He looked at the kid’s face. “ Damn, I know him,” thought Doc. His name was Smith, or Jones, or some common name like that. He was just a baby and Doc remembered wondering what the Hell he was doing out here fighting in a man’s war. He made no sound but for small gurgling noises. His eyes were wide with shock and disbelief. And fear for his life.


Doc commandeered the closest healthy Marine and ordered him to take over pinching the artery. “Don’t you let go of this, you hear? You stay with him until we get him out of here!” He took an ampoule of Morphine and jammed it home in the kid’s arm.


The Marine’s eyes started to cloud over and Doc bent to his ear and half-whispered, half-shouted, “You hang in there, Marine, you hear? We’ll have you on the chopper in no time. You’re gonna be all right. Coupla’ weeks from now, you’ll  be back home with your family, ok?”


Doc saw the eyes get a little brighter and thought he discerned an almost imperceptible nod from the kid. He hated to leave him, but more wounded Marines needed his attention.


“Stay with him, buddy, and, for God’s sake, keep talking to him. Keep telling him he’s going to be okay.”


Reluctantly, Doc headed for another man down whose friends were screaming for a Corpsman.  They were holding him down to restrain his movement. When Doc got there, he saw that the man was gasping for breath, taking huge gulps of air that didn’t seem to fill his lungs.


“Shit!,” thought Doc. “A sucking chest wound.” The guy was suffocating. He had to plug the hole.


Doc felt around the pockets of the hunting jacket he wore. He had asked his father to send him one just like the ones they wore when they hunted deer back home. He remembered telling his Dad to make sure it was at least two sizes larger than his old one because it had to fit over his flak jacket. This now ragged garment had been a God send with all the little pockets that Doc could stuff full with extra bandages, ampoules of Morphine and myriad other odds and ends that helped him patch up his Marines.


Doc fumbled in one of the small pockets and pulled out a tool that was not exactly standard issue in his Unit 1 bag…a cellophane wrapper from a pack of cigarettes. Doc always had a half dozen or so of these in his possession because they were perfect for plugging up a sucking chest wound.


Gently, he placed it over the neat round hole in the man’s chest. He unwrapped another battle dressing, placed it on top of the wrapper and pressed down. Almost immediately, the man began to breathe easier and started to relax a little. When he appeared to be out of danger of suffocating, he told the men with him to keep pressing down and to change the dressing if it became too soggy with blood.


“Just make sure you don’t lose that cigarette wrapper when you change the dressing.”  he admonished. Doc gave this Marine a shot of Morphine also  rushed off to the next man.


Near where the front of the Platoon had been hit, he came upon K-man Kramer, a third herd squad leader and Doc’s best friend. The K-man was cradling a Marine in his arms. As Doc dropped to the ground and prepared to inspect the wound, Kramer said, “Forget it, Doc. He’s gone. You better go help someone else who needs you.”


“Who is it?” Doc asked. K-man could not say the name. Instead, he lifted the man’s helmet and Doc gasped at the sight. Only half of Eddie Drake’s face remained. Jesus! It was just last night the big, affable Okie was telling Kramer and Doc about the prettiest little farm you ever saw near his home. He said he’d never rest until he was able to buy it and work it for the rest of his life. “I already got me six thousand saved up,” he beamed,  “and my girl is puttin’ money away each week. We’re gonna’ buy that place and get married right on it. Then we’ll whip up a passel of kids to help us do the chores.”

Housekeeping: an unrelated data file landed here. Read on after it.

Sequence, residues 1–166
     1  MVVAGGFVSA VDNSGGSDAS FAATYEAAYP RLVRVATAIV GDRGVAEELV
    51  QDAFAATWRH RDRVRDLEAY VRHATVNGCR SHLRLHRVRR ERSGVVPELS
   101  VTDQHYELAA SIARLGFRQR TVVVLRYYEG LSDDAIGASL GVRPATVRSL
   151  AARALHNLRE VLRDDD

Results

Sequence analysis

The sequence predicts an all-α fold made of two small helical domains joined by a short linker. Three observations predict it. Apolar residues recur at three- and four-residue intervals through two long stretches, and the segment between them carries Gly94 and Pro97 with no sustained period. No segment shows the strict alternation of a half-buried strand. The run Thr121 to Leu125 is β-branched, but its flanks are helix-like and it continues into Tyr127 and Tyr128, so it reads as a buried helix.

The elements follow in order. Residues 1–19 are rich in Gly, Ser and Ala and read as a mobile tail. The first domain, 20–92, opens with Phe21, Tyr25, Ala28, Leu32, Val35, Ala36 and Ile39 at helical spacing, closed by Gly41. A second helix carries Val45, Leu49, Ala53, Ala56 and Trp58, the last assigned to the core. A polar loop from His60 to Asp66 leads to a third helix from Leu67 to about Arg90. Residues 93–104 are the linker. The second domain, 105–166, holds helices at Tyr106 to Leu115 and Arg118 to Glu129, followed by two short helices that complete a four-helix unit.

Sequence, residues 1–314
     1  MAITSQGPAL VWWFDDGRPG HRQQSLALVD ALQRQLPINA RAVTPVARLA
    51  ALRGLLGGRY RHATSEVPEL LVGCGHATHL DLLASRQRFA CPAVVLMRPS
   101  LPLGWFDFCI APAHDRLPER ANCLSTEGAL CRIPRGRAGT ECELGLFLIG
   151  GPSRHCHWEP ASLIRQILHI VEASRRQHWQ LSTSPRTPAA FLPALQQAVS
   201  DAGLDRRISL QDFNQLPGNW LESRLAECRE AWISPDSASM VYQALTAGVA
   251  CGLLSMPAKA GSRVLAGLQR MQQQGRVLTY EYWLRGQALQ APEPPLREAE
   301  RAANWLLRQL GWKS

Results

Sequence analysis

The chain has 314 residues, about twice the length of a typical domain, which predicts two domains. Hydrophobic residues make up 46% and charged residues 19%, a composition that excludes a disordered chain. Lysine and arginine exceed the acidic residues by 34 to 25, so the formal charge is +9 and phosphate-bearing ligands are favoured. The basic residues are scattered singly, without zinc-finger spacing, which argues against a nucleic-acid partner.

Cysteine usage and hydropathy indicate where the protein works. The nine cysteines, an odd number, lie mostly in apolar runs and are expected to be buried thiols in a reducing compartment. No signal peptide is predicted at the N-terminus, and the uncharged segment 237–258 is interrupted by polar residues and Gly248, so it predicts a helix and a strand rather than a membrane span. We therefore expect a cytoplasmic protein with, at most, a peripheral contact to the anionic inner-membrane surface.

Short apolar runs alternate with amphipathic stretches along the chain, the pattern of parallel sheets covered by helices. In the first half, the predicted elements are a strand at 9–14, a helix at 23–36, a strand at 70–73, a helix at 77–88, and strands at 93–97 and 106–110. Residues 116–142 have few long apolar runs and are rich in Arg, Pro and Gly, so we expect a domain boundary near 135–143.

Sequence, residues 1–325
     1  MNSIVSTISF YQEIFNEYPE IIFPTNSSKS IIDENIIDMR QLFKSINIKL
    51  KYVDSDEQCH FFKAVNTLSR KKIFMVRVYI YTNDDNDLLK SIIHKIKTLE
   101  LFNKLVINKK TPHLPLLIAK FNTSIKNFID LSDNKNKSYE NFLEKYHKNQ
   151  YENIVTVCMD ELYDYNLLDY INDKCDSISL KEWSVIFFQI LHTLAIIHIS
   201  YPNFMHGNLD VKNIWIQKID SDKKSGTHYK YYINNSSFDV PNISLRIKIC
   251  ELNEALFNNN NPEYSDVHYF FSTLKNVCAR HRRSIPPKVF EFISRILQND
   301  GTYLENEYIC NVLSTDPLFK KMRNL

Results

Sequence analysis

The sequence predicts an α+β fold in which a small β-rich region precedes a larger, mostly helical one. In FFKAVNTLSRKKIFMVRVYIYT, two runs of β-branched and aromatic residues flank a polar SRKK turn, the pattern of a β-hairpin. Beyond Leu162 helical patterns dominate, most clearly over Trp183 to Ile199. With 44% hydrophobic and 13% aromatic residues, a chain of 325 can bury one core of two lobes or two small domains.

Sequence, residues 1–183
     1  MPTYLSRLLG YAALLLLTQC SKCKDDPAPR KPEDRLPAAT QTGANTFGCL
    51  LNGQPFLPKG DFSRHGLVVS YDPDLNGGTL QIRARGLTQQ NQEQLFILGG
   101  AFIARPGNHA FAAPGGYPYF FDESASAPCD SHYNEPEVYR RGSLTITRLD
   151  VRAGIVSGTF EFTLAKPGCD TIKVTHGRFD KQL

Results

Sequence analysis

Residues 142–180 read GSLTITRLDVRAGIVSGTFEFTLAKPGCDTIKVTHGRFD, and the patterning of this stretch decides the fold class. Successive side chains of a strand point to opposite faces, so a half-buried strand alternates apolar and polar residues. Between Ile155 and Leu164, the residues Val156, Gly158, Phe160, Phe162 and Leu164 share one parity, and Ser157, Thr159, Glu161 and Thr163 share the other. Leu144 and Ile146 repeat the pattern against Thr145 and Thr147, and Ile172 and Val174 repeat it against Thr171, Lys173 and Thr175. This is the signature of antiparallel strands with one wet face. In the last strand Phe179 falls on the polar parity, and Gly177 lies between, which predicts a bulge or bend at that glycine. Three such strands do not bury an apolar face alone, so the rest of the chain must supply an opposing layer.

Now there was to be no farm for Eddie Drake. No wedding and no family. Some one else would work the land that Eddie had dreamed of and died for. It just didn’t seem right.


For now, Doc had to put the dead Eddie Drake and the sobbing K-man out of his mind. There would be time later to reflect and grieve on these events. It seemed that there was always too much time to grieve. 


To his left, Doc saw Vito Castignetti leaning against a small berm. Vito was smoking a cigarette and made no sound. He just stared straight ahead, seeing nothing. Doc looked at the long ash hanging crookedly on his cigarette and knew instinctively that Vito hadn’t puffed for a long time. This can’t be good, thought Doc. Then he noticed the vacant cloudiness in Vito’s eyes. “Damn, he’s in shock!” Doc decided, and rushed to his side.


“You okay, Vito? Are you hit?”


Vito did not reply. It was then that Doc could see his right arm was missing at the elbow. Castignetti showed no sign of pain. It was if he were just sitting contentedly, already accepting what would soon be a warm, peaceful death as he bled out.


Doc sprang to Vito’s wounded side and again reached into his Hunting vest. He pulled out an 18” leather thong like the ones that laced his work boots back home. He wound it twice around the stump of Vito’s arm and pulled it tight. Making a small loop in the thong, he pulled out a fifty-caliber round that he carried and pushed it through the loop to the middle. This he twisted, applying ever greater pressure to the tourniquet. The fifty caliber round was just the right size for this purpose. All he had to remember was to back off on the pressure every now and then.